What is Manchego? Simply put, it is a sheep’s milk cheese made in the La Mancha region of Spain. It is aged anywhere from two months to two years. It has a firm, compact consistency with a buttery texture and a distinctive flavor that is well developed, but not too strong.
In the Cervantes novel titled Don Quixote, the man of La Mancha and his sidekick, Sancho Panza, spend many pages nibbling on Manchego cheese and washing it down with generous amounts of wine. I think they would have liked marinated Manchego.
I look for cheese that is two or three months old because it has a softer consistency. For the marinade I use a Minneola which is a hybrid of a grapefruit and a mandarin tangerine. Minneolas are juicy and tart, and easy to peel with only a few seeds. Perfect for this recipe. Begin making this a day ahead of time. The prep is elaborate but worth the time and effort.
2 heads garlic
1½ cups olive oil (divided)
¼ teaspoon salt
¼ cup sugar
½ cup water
16 ounces young Manchego cheese (cut into ¼-inch pieces)
1 tablespoon finely chopped fresh rosemary (chopped very fine)
1 tablespoon fresh thyme (chopped very fine)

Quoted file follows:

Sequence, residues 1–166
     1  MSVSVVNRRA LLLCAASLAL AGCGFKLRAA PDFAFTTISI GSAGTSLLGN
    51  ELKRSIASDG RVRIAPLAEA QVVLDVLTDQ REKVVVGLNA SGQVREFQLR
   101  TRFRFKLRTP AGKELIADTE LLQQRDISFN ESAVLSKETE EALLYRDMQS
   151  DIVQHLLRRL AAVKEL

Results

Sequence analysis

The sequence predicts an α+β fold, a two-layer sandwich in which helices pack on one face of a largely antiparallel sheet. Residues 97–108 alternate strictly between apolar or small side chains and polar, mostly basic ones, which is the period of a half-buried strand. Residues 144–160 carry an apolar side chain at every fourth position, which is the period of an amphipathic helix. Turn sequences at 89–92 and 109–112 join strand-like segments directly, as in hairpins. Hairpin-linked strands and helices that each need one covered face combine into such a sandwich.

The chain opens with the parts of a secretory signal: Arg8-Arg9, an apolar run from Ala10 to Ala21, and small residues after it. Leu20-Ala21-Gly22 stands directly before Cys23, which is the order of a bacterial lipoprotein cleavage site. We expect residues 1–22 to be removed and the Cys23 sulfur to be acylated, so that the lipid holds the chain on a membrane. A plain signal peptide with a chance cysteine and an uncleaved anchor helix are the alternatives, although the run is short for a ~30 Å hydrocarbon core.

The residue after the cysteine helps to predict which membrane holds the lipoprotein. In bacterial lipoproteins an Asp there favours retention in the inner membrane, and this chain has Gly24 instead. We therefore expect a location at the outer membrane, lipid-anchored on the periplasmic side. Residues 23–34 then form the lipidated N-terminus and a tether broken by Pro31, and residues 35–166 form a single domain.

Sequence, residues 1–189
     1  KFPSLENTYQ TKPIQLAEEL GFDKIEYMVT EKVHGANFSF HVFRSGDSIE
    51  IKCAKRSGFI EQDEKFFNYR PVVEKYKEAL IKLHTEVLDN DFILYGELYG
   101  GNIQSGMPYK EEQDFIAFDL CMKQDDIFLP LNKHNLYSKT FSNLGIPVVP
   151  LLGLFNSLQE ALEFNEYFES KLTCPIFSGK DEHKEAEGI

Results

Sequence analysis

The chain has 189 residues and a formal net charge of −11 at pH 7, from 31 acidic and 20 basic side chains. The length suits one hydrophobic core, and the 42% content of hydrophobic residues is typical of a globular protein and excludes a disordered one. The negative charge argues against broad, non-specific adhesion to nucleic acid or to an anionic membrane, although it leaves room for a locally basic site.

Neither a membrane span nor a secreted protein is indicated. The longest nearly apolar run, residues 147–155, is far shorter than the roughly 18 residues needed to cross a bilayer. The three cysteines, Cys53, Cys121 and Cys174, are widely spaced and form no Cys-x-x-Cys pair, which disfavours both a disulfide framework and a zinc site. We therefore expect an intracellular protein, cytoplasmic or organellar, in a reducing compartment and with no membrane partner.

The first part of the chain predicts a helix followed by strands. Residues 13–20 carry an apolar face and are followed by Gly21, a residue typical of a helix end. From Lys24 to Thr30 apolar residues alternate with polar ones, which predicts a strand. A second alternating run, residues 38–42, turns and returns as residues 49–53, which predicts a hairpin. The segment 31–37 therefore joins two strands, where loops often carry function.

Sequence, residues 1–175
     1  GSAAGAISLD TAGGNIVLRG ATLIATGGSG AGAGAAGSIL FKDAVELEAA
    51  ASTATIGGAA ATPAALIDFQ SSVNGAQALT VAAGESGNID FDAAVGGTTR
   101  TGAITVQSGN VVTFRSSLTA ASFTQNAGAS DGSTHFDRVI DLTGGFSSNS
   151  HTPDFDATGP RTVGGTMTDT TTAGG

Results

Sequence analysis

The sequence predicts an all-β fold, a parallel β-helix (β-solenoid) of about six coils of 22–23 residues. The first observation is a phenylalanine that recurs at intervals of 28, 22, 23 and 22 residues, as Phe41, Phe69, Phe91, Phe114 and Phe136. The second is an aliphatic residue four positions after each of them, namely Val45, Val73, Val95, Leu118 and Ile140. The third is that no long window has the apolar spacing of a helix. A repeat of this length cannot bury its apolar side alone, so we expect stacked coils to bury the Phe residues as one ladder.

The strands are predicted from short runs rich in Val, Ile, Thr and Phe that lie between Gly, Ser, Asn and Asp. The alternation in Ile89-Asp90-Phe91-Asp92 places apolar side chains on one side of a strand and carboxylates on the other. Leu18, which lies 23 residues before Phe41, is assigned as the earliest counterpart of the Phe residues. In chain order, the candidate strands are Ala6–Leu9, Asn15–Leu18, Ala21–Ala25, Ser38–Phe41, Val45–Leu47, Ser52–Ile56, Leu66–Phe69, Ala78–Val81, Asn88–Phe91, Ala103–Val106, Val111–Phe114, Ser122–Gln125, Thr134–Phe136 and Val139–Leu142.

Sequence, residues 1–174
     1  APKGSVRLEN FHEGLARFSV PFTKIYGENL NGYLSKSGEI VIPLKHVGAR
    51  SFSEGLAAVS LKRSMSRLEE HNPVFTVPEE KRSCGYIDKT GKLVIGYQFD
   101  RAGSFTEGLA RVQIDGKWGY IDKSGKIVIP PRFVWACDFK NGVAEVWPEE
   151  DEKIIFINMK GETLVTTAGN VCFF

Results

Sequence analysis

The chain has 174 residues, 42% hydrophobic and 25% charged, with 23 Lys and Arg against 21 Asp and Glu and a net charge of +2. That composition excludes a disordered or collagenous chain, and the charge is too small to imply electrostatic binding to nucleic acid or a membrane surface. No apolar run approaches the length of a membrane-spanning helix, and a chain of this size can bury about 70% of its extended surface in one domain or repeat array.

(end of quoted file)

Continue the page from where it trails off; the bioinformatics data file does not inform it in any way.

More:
Preheat oven to 350 degrees. Cut ¼” off top of garlic bulbs and place on a sheet of foil. Drizzle with ¼ cup oil and season with salt. Wrap tightly in foil and bake until skin is golden brown and cloves are tender, 35–40 minutes. Remove from oven and allow to cool. Squeeze garlic cloves into a large bowl.
Using a potato peeler or zester, scrape the peel of the Minneola to get as much peel (but not the white pith beneath) as possible. Cut ½-inch off top and bottom of the Minneola and cut lengthwise into quarters. Squeeze juice from flesh into a small bowl and set aside.
Cut the peel/zest into ¼” pieces and place in a small saucepan. Cover peels with cold water. Bring to a boil then drain. Repeat process twice more to remove bitterness (cold water, boil, drain). Return orange peels to saucepan and add sugar, water, and juice to make a syrup. Bring to a boil; reduce heat and simmer, stirring occasionally, until peels are soft and liquid is syrupy – about 20–30 minutes. Remove from heat and allow to cool.
Add orange syrup, Manchego, rosemary, thyme, and remaining oil to the bowl with the garlic and gently toss to combine. Cover and chill for at least 4 hours before serving. Bring marinated Manchego to room temperature before plating. While Manchego is coming to room temperature, gently warm baguette in oven. Serve Manchego with warm baguette.
Tip: The Manchego can be marinated up to 5 days ahead of time. Cover and chill until ready to use.